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KNOWLEDGE OF THE HYPERTENSIVE PERSON REGARDING PREVENTION STRATEGIES FOR CORONARY HEART DISEASE

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KNOWLEDGE OF THE HYPERTENSIVE PERSON REGARDING PREVENTION STRATEGIES FOR CORONARY HEART DISEASE by Adri Boulle Submitted in fulfilment of the requirements for the degree of MASTER OF ARTS in the subject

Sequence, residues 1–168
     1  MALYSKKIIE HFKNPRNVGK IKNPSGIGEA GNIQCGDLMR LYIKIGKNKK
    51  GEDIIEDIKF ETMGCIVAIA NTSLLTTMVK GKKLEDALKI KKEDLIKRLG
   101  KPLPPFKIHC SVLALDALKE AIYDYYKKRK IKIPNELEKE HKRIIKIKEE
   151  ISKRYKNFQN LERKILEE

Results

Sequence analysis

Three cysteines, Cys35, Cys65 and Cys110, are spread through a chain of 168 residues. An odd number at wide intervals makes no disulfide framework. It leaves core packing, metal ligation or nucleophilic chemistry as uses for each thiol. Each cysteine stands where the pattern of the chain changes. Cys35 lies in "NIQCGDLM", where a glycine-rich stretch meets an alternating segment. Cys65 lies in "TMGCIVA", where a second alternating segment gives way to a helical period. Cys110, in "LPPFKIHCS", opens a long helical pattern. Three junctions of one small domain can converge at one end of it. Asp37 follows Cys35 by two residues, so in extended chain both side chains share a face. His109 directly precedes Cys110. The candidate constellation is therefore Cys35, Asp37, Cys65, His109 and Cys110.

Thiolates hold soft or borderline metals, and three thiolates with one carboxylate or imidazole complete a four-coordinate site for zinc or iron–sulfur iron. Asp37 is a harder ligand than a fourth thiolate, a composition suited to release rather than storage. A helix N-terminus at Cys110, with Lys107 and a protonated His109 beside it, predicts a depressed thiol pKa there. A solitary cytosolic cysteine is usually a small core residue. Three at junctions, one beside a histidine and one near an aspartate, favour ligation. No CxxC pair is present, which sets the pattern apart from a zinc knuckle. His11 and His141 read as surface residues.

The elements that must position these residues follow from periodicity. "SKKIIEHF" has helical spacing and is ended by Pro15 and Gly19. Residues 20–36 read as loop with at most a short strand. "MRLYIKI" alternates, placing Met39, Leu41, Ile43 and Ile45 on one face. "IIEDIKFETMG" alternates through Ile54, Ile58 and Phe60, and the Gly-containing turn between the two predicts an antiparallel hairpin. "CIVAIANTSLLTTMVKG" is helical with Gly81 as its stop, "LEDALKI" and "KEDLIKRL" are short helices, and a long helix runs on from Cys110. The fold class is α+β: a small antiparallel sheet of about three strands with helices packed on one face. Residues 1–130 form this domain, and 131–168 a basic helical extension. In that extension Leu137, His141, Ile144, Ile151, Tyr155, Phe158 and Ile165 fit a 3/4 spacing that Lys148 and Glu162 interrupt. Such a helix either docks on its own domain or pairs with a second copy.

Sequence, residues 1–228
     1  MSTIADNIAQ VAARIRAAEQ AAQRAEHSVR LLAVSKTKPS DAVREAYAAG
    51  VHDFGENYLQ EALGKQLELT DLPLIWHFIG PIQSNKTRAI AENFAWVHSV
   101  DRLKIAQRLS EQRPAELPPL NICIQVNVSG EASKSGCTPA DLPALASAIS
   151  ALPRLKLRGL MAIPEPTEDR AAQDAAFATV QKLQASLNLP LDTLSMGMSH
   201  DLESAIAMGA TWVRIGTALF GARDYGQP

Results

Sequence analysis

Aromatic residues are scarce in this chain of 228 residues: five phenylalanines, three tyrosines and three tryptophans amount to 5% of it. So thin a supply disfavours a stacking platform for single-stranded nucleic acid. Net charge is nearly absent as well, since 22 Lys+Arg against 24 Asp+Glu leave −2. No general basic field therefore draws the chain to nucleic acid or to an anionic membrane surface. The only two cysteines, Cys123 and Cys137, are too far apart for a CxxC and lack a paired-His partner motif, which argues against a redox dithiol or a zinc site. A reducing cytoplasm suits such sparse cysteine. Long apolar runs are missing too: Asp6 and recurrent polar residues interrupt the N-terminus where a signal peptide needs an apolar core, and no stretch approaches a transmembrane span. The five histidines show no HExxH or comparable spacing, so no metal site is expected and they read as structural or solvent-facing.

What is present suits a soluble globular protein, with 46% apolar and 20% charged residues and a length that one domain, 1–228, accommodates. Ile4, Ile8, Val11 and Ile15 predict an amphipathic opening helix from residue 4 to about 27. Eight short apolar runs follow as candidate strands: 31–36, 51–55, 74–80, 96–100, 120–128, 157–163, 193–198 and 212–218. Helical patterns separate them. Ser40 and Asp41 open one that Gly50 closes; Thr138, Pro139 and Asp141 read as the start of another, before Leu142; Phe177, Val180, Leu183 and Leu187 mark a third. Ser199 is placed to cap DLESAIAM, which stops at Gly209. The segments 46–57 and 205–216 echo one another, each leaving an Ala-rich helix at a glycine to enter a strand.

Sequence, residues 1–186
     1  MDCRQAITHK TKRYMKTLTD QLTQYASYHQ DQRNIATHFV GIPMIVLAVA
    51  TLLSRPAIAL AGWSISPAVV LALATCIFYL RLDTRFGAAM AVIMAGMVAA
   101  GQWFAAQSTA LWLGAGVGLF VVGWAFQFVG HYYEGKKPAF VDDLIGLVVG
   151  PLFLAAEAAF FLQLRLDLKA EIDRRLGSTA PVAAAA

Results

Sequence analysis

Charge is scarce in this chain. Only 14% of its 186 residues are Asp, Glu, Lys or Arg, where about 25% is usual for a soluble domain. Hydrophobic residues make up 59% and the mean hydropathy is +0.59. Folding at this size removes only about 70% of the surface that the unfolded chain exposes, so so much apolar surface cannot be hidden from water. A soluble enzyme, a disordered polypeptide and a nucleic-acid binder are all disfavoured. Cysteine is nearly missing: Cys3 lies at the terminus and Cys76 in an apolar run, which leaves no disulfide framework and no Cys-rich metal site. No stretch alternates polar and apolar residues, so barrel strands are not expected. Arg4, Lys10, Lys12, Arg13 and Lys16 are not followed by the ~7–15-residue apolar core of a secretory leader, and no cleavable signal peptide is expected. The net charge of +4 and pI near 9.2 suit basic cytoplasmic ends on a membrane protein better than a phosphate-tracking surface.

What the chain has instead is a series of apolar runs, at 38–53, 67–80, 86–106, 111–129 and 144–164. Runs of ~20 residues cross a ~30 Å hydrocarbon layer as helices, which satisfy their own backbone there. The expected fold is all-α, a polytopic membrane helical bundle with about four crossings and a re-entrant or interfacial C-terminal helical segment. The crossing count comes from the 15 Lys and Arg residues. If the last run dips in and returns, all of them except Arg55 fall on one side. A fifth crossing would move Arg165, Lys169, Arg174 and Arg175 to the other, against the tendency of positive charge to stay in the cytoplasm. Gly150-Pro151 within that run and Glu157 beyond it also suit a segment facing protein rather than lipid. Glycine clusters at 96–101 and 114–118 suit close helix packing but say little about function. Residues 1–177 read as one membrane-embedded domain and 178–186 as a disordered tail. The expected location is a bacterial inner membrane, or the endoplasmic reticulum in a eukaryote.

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KNOWLEDGE OF THE HYPERTENSIVE PERSON REGARDING PREVENTION STRATEGIES FOR CORONARY HEART DISEASE by Adri Boulle Submitted in fulfilment of the requirements for the degree of MASTER OF ARTS in the subject Health Studies UNIVERSITY OF SOUTH AFRICA SUPERVISOR: DR A D H BOTHA JOINT SUPERVISOR: MRS M M MOLEKI March 2009 DECLARATION I declare that KNOWLEDGE OF THE HYPERTENSIVE PERSON REGARDING PREVENTION STRATEGIES FOR CORONARY HEART DISEASE is my own work, and that all sources that I have used or quoted have been indicated and acknowledged by means of complete references and that this work had not been submitted before for any other degree at any other institution..... SIGNATURE (Adri Boulle) DATE:. Student number: KNOWLEDGE OF THE HYPERTENSIVE PERSON REGARDING PREVENTION STRATEGIES FOR CORONARY HEART DISEASE STUDENT NUMBER: STUDENT: ADRI BOULLE DEGREE: MASTER OF ARTS IN NURSING SCIENCE DEPARTMENT: DEPARTMENT OF HEALTH STUDIES, UNIVERSITY OF SOUTH AFRICA SUPERVISOR: DR A D H BOTHA JOINT SUPERVISOR: MRS M M MOLEKI ABSTRACT The aim of this study was to determine the knowledge of persons with hypertension in a selected geographical area regarding cardiovascular risk factors in order to make recommendations for patient education. A quantitative, non-experimental, descriptive study was done in the form of a survey using a questionnaire as measuring instrument. The population was hypertensive patients from selected private medical practices in the western part of KwaZulu-Natal and the bordering eastern part of the Free State. Convenience sampling was used and 46 respondents participated in the study. Only 16 (35%) of the respondents achieved a percentage on or above the competency indicator of 50%. Respondents performed worst in questions where definitions, for example hypertension, were assessed. Recommendations for a patient education document, nursing practice and further research were made. Key concepts Knowledge of persons with hypertension, hypertension, patient education, hypertensive patients. i TABLE OF CONTENTS PAGE CHAPTER 1 ORIENTATION TO THE STUDY 1.1 INTRODUCTION BACKGROUND TO THE STUDY AND RESEARCH PROBLEM AIM AND OBJECTIVES DEFINITIONS OF KEY CONCEPTS Blood Pressure Hypertension Atherosclerotic Cardiovascular Risk Factors Knowledge Hypertensive Patient OVERVIEW OF THE RESEARCH DESIGN Research Design Setting Population and Sample Validity, Reliability and Data Analysis ETHICAL ASPECTS Informed Consent Maintaining Privacy Risk/Benefit Assessment 8 CHAPTER 2 LITERATURE REVIEW 2.1 INTRODUCTION ELEMENTS OF THE NORMAL PHYSIOLOGY OF BLOOD PRESSURE AND PATHOPHYSIOLOGICAL DEVIATIONS Blood pressure defined Factors involved in the maintenance of a normal blood pressure and deviations Cardiac Output Blood Volume 11 ii TABLE OF CONTENTS PAGE Peripheral Arteriolar Resistance Elasticity of the Artery Walls Venous Return HYPERTENSION AND CLASSIFICATION OF HYPERTENSION Introduction Primary (essential) hypertension Neural hypothesis Peripheral autoregulatory theory Renin-Angiotensin-Aldosterone (Raal) hypothesis Defective vasopressor mechanisms hypothesis Defects in membrane permeabilityt theory Secondary hypertension Oral contraceptives Renal parenchymal disease Reno vascular disease Primary aldosteronism Coarctation of the thoracic aorta Risk factors for hypertension Signs and symptoms of hypertension IMPACT THAT HYPERTENSION HAS ON CORONARY HEART DISEASE AND STROKE CARDIOVASCULAR RISK FACTORS AND COMPLICATIONS RELATED TO HYPERTENSION Complications of hypertension Hypertensive crisis Cerebrovascular events Dementia and cognitive impairment Chronic kidney disease Risk factors for hypertension High blood pressure Dyslipidaemia Diabetes mellitus Obesity Cigarette smoking MANAGEMENT OF HYPERTENSION Lifestyle modification Weight management Healthy diet 26 iii Exercise 27 TABLE OF CONTENTS PAGE Alcohol Smoking Pharmacological hypertension management The routine management for hypertension is Explanation of drugs used in the treatment of hypertension KNOWLEDGE NEEDED BY HYPERTENSIVE PATIENTS IN THE PREVENTION AND TREATMENT OF HYPERTENSION Patient education CONCLUSION 33 CHAPTER 3 RESEARCH DESIGN AND METHODOLOGY 3.1 INTRODUCTION RESEARCH DESIGN RESEARCH METHOD POPULATION AND SAMPLE Population Sample DATA COLLECTION DATA ANALYSIS RELIABILITY OF THE STUDY Reliability of the instrument Reliability of the data collection process THE QUESTIONNAIRE Advantages and disadvantages of a questionnaire Layout of the questionnaire Refinement of the questionnaire Validity of the questionnaire LIMITATIONS OF THE STUDY 47 iv TABLE OF CONTENTS PAGE 3.10 ETHICAL CONSIDERATIONS Informed Consent Maintaining Privacy and Anonymity Risk/Benefit Assessment Consent to do the study Ethical clearance CONCLUSION 49 CHAPTER 4 DATA ANALYSIS 4.1 INTRODUCTION SECTION A: BIOGRAPHICAL DATA Question 1: Gender Question 2: Age Question 3: Race Group Question 4: Level of Qualification Questions 5 and 6: BMI Question 7: Waist in centimetres Question 8: Diseases present in family Hypertension Diabetes Elevated cholesterol 57l Stroke Coronary Artery disease Do not know if diseases are present Question 9: Smoking Question 10: Stress Question 11: Self-concept related to obesity/within weight limits Question 12: Exercise Question 13: Activity level in work situation Question 14: Period treated for high blood pressure Question 15: Frequency of eating meals Question 16: Alcohol consumption Question 17: Enjoy their job Question 18: Own Blood pressure value Question 19: Diet SECTION B: KNOWLEDGE BASE 68 v TABLE OF CONTENTS PAGE Introduction Question 20: Definition of blood pressure Question 21: Coronary Heart Disease defined Question 22: Prescription of Aspirin Question 23: The term MI Question 24, 25 & 26: Blood Cholesterol levels Question 27: Reasons for blood pressure rising with age Question 28: Aim of taking medication for blood pressure Question 29: Risk factors for Coronary artery disease that Something can be done to Question 30: Exercise and reduction in blood pressure Question 31: Management of blood pressure together with chronic illness Question 32: Antihypertensive drug efficacy and regular Exercise Question 33: Medication as only measure to lower blood Pressure Question 34: Diet and high blood pressure Question 35: Taking of blood pressure medication Question 36: Passive smoking and hypertension Question 37: Risk factors for a heart attack High blood pressure as contributing factor in the Development of a heart attack Cigarette smoking High cholesterol Diabetes Oral contraceptive Overview Question 38: Needs of Hypertensive patients COMPETENCY INDICATOR Scores of whole group of respondents Gender of group Age Education NORMAL DISTRIBUTION CONCLUSION SUMMARY 85 vi TABLE OF CONTENTS PAGE CHAPTER 5 CONCLUSIONS, RECOMMENDATIONS AND LIMITATIONS OF THE STUDY 5.1 INTRODUCTION MAIN FINDINGS AND CONCLUSIONS RECOMMENDATIONS FOR PATIENT EDUCATION REGARDING HYPERTENSION AND RELATED CARDIOVASCULAR RISK FACTORS Biographical data Knowledge base Definitions assessed in the questionnaire Other aspects assessed in the knowledge base section of the questionnaire OTHER RECOMMENDATIONS Recommendations for nursing practise Recommendations for nursing education Recommendations for nursing research LIMITATIONS OF THE STUDY REFLECTION ON STUDY FINAL CONCLUSION 93 vii LIST OF TABLES PAGE 2.1 LEVELS OF HYPERTENSION IN ADULTS NON-PHARMACOLOGICAL INTERVENTION ON BLOOD PRESSURE AND CARDIOVASCULAR RISK DRUGS USED WITH COMPELLING INDICATIONS LAYOUT OF THE QUESTIONNAIRE 42 viii LIST OF FIGURES PAGE 4.1 Gender of respondents Age Race Level of Qualification BMI Waist in centimetres: female Waist in centimetres: male Hypertension Diabetes High Cholesterol Stroke Coronary Artery Disease Do not know if diseases are present Smoking Stress Weight Exercise Work situation Period treated for high blood pressure Eating of meals Alcohol Enjoyment of job Blood pressure Diet Definition of Hypertension Definition of Coronary Heart Disease BMI Increased blood pressure with age Blood pressure medications Risk factors that can be modified Exercise as factor in decreasing blood pressure Diabetes Mellitus management together with hypertension Enhancing effect of exercise on drug efficiency Maintaining blood pressure Reducing of high blood pressure by changing diet Regular taking of blood pressure medication Passive second hand smoking Heart Attack Cigarette smoking High Cholesterol Diabetes Oral contraceptives Scores as measured against competency indicator Competency indicator and gender of group 83 ix LIST OF FIGURES PAGE 4.45 Competency indicator and ages of group Competency indicator and education of group The Histogram of marks out of 23 85 x LIST OF ABBREVIATIONS ACE-I ARB BMI BP CCB Cl Cm CVD DASH EDL Eg Fig G HDL JNC Kg Kg/m² LDL Mg Mi MI MmHg Mmol/l P RAA SA UK UNISA USA Angiotensin-Converting enzyme inhibitors Angiotensin receptor blockers Body Mass Index Blood pressure Calcium channel blockers Class Centimetre Cardiovascular Disease Dietary Approach to stop Hypertension Essential Drugs List Example Figure Gram High-density lipoprotein Joint National Committee Kilogram Kilogram per square meter Low-density lipoprotein Milligram Millilitre Myocardial infarction Millimetre of mercury millimol per litre Page Renin Angiotensin Aldosterone South Africa United Kingdom University of South Africa United State of America xi LIST OF ANNEXURES Annexure A Annexure B Annexure C Information to respondents and informed consent Questionnaire Marking Guide CHAPTER 1 ORIENTATION TO THE STUDY 1.1 INTRODUCTION Cardiovascular disease is a leading cause of morbidity and mortality worldwide (Marais 2003:7). Waeber and Brunner (2002:8) also confirmed that despite all the effort to diagnose and treat patients with high blood pressure, hypertension remains a leading cause of cardiovascular morbidity and mortality. In a study done by Kearney, Whelton and Reynolds (2005:217) hypertension was a distressingly common problem. It was found in 2000 that 26% of the adult population of the world had hypertension and by % were projected to have this condition. It was also estimated that 972 million adults had hypertension in 2000, and it was predicted that by 2025 the number of adults with hypertension will increase to a total of 1, 56 billion. In China hypertension has become a major health challenge. The cases of hypertension during the past 30 years has increased from 30 million in 1960, to 59 million in 1980 and 94 million in Annually a million residents die of hypertension related stroke and heart disease (Gu, He, Duan & Whelton 2001:9). In South Africa hypertension is the dominant risk factor for stroke, coronary heart disease, heart failure and chronic kidney disease (Rayner, Blockman, Baines & Tinder 2007:280). Hypertension is one of a number of cardiovascular risk factors and therefore hypertension patients need to be identified and this risk factor needs to be treated. Hypertension is ranked third as a cause of disability in later life years but at the same time it is also a risk factor for mortality in younger persons. According to Maduna (2006:252) the South African government has come to recognise hypertension as one of the five major conditions that must receive priority and has adopted new guidelines for the management of 1 hypertension. Emphasis on implementing lifestyle modification and active physical participation programmes, risk stratification and global cardiovascular risk reduction were proposed by the Hypertension Society of Southern Africa. Hypertension is more than just an elevated or too high blood pressure. It is usually accompanied by other cardiovascular risk factors and blood pressure is only one component of the total risk. In 70 % of cases the overall risk for hypertension or myocardial infarction depends on these other cardiovascular risk factors (Raal 2007:40). A study done by INTERHEART showed that nine modifiable risk factors predict 90% of acute myocardial infarctions (Yusuf 2004:52-61). There is a continuous association between an increased blood pressure and risk of cardiovascular disease, especially coronary heart disease. It is therefore very important to assess a patient s cardiovascular risk to riskstratify the patient and in doing so to treat the patient holistically (Rayner et al 2007:280). Patients eventually end up in critical care unit with myocardial incidents. Yet, in many cases these patients were diagnosed and treated for hypertension for years. However, it seems as if these individuals were often not aware of the outcome that hypertension might eventually have and also not of the fact that they could have implemented actions to modify these risk factors. 1.2 BACKGROUND TO THE STUDY AND RESEARCH PROBLEM Hypertension is called a silent disease because often symptoms are not recognised. Mabuza (2006:230) found in a study that in the adult population in Africa, one in five persons was hypertensive and in South Africa the figure was one in four, therefore even worse. It has been shown that people with an African descent, present with hypertension at the much earlier age of 35 years in countries like the USA, the Caribbean and the UK compared to the rest of the population. Seedat (2006: ) said in Sub Saharan Africa there is evidence that hypertension and Coronary heart disease is increasing rapidly. 2 Edwards (2000:145) undertook two other surveys which indicated that only 20% of hypertensive people were aware of their diagnosis, 10% was on treatment and less than 1% was properly controlled. Of hypertensive South African black males only 20% was aware of their hypertension, 14% were on treatment and only 7% was controlled while 47% of females were aware, 29% on treatment and only 15% were controlled. Aggressive large and small scale interventions are necessary to control hypertension in South Africa. In the South African Hypertension Guideline of 2006, it was mentioned that the major challenge for the community is the primary prevention of atherosclerotic disease by the control of hypertension in conjunction with other major risk factors such as cigarette smoking, dyslipidaemia and diabetes mellitus (Seedat 2006:338). Rayner et al (2007:280) recommended that particular attention needs to be paid to the implementation of lifestyle changes, assessing target organ damage with basic investigations, risk stratification and global cardiovascular risk reduction. In hypertension, lifestyle plays a role and it can be prevented to an extent by strategies implemented at the individual level to combat this disease. Better awareness of the risk factors that cause coronary artery disease, especially hypertension can reduce the mortality and morbidity of coronary artery disease. The first line management of hypertension is lifestyle modification and the identification of risk factors, predisposing an individual to the development of hypertension. Mbokazi (2006:232) found that there is an increase in the prevalence of lifestyle diseases such as hypertension, because urbanisation has led to changes in the lifestyle and habits of the South African population. There is also an increase in the consumption of alcohol and tobacco smoking, both of which are implicated in the cause and aggravation of hypertension. As indicated above hypertension is increasing rapidly. However, hypertension cannot be treated in isolation and is an important predictor of future cardiovascular risk. Atherosclerosis as a result of hypertension remains the 3 major cause of death and premature disability in developed societies. It is estimated that by the year 2020 cardiovascular disease notably atherosclerosis will become the leading global cause of total disease burden (Seedat 2006:338). Hypertension patients need to be identified and prevention strategies including patient education for cardiovascular disease should be implemented. However, it is not clear what the level of knowledge of hypertensive persons is regarding Coronary heart disease prevention strategies in the South African context. The problem further is that lifestyle modification is only possible if the patients are knowledgeable on the disease. The problem is also that despite information that appears in the media from time to time, it is not clear what their level of knowledge is regarding lifestyle modifications. A thorough literature review was done and no evidence of recent research was found that investigated Hypertensive persons knowledge regarding Coronary heart disease prevention strategies in the South African context. The researcher decided to undertake this study because she is employed in a critical care environment and observed that hypertensive patients are at risk for the development of stroke, coronary heart disease, heart failure and chronic kidney disease. They often land in the critical care unit. These mentioned diseases are in fact those that can potentially be the cause of a patient that might need admission to a critical care unit. A multiple risk factor modification strategy or prevention strategy would therefore be necessary to make the people more aware of their risk. 1.3 AIM AND OBJECTIVES The aim of this study is to determine the knowledge of persons with hypertension in a selected geographical area regarding cardiovascular risk factors in order to make recommendations for patient education. 4 The objectives of the study will be to Determine the knowledge of persons with hypertension, regarding cardiovascular disease and its risk factors using a measurement instrument in the form of a questionnaire. Make recommendations for patient education regarding hypertension and related risk factors. 1.4 DEFINITIONS OF KEY CONCEPTS Blood Pressure Blood pressure is the force that the circulating blood exerts on the wall of the arteries (Marieb 1999:727) Hypertension Persistently high arterial blood pressure leads to hypertension. Hypertension may have no known cause (essential or idiopathic hypertension) or be associated with other primary diseases (secondary hypertension). Hypertension is defined as a systolic blood pressure greater than 140mmHg and a diastolic pressure greater than 90mmHg (Vander, Sherman & Luciano 2001:446) Atherosclerotic Cardiovascular Risk Factors This term is used exchangeable with risk factors of coronary artery disease and it includes smoking, high blood pressure, high serum cholesterol levels, diabetes mellitus, obesity, physical inactivity, stress and anger. Risk factors occur in clusters and may feed one another, such as obesity leading to diabetes and high blood pressure (Urden, Stacey & Lough 2002:395) Knowledge Knowledge is defined as knowing what is known of a person, thing, fact or subject. It is a person s range of information and includes specific knowledge about a subject (Collins 2001:815). 5 1.4.5 Hypertensive Patient In this study a hypertensive patient is any patient that was diagnosed by a general medical practitioner as suffering from hypertension and who is currently treated for the disease. 1.5 OVERVIEW OF THE RESEARCH DESIGN Research Design The research design is the set of logical steps taken by the researcher to answer research questions. It forms the blue print, pattern or recipe for the study and determines the methods used by the researcher to obtain subjects, collect data, analyse the data and interpret results (Mouton 2001:74). The researcher adopted a quantitative, non-experimental descriptive design. Quantitative research is the precise measurement and quantification, involving a rigorous and controlled design (Polit, Beck & Hungler 2001:469). In this study the knowledge of hypertensive patient s will be quantified by using a questionnaire as measurement test. In descriptive research, the research can obtain complete and accurate information about the characteristics of a particular individual, event or group in actual situations Setting The setting or context for this study is a selected geographical area